I was married for 23 years to a very fine man.
We grew up together. We got married right out of college when neither of us knew what we wanted to be when we grew up and we adventured and played and parented and learned about life.
Part of our adventuring had to do with seeking to support each other as we sniffed the winds for vocation. Jim knew his calling strongly from the get-go: he wanted to write musicals. He wanted to write musicals that would play on Broadway. So, we sought colleges for graduate work, took ourselves and our then almost two-year old to Pittsburgh where he studied at Carnegie Mellon, had another babe whilst in Pittsburgh, and moved to Duluth where we completed our child flock with son Jameson.
While I tasted the maybe-good of seminary (of course I loved it) and commuted for five years from Duluth to Minneapolis to get a Master’s of Divinity, he supported the adventure.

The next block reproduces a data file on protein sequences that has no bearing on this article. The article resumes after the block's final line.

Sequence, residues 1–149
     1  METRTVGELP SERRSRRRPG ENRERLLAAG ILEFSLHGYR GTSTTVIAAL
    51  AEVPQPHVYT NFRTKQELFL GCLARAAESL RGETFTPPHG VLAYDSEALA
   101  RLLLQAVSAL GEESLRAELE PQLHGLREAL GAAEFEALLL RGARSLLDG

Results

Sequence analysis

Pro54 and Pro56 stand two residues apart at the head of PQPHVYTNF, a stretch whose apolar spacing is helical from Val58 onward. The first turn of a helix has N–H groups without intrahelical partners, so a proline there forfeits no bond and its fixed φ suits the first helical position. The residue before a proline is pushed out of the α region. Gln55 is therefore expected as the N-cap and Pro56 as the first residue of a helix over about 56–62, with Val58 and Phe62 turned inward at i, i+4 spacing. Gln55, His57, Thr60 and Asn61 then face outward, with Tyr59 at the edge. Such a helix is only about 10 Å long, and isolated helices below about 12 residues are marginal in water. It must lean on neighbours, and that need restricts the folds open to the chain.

We were good for each other. And maybe most heartbreakingly, it came to be clear that being good for each other meant being not married to each other.
In the time since our divorce, Jim has devoted himself to his muse and to his craft and now he has a musical opening off-Broadway. Our children will be there for opening night and while I will not be there physically, my heart and wonder will be there. I suspect that the tears that would be rolling down my face will shine on the faces of our children.
It has been a relationship of applauding, one for the other.
It continues yet.
Break a leg, Jim Olm.